In an admission of my true nerdiness, I jotted my initial notes for this post while sitting on a bench in Stonebriar Mall this past Saturday evening. No, this isn’t some sociological study. And I really do have a life. My fifth-grade son was attending a birthday party at the skating rink there, and I’m not much of a shopper. So after picking up some Christmas gifts for my wife, I found a spot to sit. Around me swirled an incredible flurry of people, some of them looking like overburdened pack mules. I was heartened by the scene for a few reasons. I hope this means people are feeling greater consumer confidence than they did a year ago. People also seemed genuinely happy as they bought gifts for others. We’ve always known that doing for others makes us feel good. Now it’s been scientifically proven: a study by the National Institutes of Health found that when people are prompted to think of giving money to charity, the pleasure centers in the brain are activated.
Yet too often we can find ourselves searching for happiness in the wrong places. Money, possessions, attention—yes, these matter and are necessary; but once people have enough, studies have shown the direct link to happiness weakens. The obvious correlation in schools is grades. Yes, they matter. But students—and teachers and parents—can emphasize them in ways that erode the joy of learning.
So what brings about eudemonia, or fundamental happiness? Daniel Pink, author of A Whole New Mind, recently published Drive: The Surprising Truth about What Motivates Us. I highly recommend reading both books, as they have fueled a great deal of important discussion regarding education. In the meantime, you can watch Pink’s presentation on the ideas in Drive at the July 2009 TED conference or this cool animated summary. I won’t ruin it for you by citing any of the wonderful evidence he uses. For the sake of this post, I will share the basic premise. The traditional carrot-and-stick approach to motivation doesn’t work, at least not beyond the immediate. Instead, people are motivated by three things: autonomy, mastery, and purpose.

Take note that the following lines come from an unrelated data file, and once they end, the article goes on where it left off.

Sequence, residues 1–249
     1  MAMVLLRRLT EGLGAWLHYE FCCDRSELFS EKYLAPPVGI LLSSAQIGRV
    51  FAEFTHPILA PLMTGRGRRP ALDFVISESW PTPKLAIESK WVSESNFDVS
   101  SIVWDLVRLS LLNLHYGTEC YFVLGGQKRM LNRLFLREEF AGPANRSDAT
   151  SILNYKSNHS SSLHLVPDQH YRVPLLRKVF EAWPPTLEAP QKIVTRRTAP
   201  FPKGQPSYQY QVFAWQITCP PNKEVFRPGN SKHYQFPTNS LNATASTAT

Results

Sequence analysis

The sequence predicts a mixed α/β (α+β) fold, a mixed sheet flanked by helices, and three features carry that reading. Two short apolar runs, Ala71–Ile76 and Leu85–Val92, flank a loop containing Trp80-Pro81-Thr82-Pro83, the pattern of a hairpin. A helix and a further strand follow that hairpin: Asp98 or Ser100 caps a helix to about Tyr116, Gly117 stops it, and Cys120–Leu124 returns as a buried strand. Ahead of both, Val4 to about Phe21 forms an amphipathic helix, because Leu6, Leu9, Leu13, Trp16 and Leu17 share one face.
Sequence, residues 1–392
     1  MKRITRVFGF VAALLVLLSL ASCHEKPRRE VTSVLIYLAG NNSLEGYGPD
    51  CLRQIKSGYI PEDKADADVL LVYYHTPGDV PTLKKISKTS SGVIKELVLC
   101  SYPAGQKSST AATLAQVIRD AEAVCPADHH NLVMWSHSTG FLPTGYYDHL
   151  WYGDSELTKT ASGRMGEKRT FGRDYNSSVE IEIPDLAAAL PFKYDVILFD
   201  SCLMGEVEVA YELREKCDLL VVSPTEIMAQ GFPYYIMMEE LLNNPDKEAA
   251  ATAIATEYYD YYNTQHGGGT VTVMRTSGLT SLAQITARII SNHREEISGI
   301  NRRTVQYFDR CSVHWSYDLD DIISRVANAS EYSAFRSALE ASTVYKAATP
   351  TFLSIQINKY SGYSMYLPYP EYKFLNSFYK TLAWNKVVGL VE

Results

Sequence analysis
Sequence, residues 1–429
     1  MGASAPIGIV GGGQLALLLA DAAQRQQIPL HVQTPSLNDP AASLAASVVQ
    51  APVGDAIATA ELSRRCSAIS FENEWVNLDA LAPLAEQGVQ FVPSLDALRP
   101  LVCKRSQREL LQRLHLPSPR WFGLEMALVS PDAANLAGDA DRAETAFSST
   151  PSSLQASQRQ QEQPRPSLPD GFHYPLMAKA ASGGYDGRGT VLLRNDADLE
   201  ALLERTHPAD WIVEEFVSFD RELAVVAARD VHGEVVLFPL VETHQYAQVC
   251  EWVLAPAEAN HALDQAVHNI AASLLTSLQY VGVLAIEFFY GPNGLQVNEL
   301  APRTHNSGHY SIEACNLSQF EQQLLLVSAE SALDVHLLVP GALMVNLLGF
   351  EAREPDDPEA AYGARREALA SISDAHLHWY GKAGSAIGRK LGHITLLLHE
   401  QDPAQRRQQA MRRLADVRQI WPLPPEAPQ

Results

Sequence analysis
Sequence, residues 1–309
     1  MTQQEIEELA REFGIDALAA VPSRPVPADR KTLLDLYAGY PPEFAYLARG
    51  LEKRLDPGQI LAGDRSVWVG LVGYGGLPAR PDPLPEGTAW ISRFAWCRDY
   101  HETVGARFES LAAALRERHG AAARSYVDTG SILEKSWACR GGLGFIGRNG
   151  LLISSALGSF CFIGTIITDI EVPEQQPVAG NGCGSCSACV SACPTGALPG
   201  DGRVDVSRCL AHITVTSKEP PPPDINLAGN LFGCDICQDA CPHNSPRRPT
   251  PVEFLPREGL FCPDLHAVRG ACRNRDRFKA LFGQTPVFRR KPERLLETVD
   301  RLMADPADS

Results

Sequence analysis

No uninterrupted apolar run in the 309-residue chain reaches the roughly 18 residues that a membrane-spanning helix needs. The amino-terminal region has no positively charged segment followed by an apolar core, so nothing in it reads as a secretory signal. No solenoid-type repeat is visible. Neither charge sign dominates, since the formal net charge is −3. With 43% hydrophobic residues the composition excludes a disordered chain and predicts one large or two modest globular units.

Think about the times you have had a flow experience. Once of those times when you get into such a groove that you lose sense of time. When you feel that you truly are in your element. (Another book recommendation: Sir Ken Robinson’s The Element.) I suspect you enjoyed the three feelings stressed in Pink’s work.
Perhaps not all of school can become such an experience for all children. But I believe that more of it can. Whatever pedagogical approach teachers take, they should assess what they ask students to do per three criteria. Is it engaging? Is it meaningful? Is it productive? Not every lesson or activity will meet these lofty standards. But as we reassesses and redesign program, we must aspire for the overall experience to reach them on a regular basis. It’s going to require reconsideration of some fundamental principles, from the language that we use when talking about education to how we have structured our schools.
We owe this to our kids. Not only will it better prepare them for their futures. It also will help them in the quest for eudemonia. Think of it as learned happiness.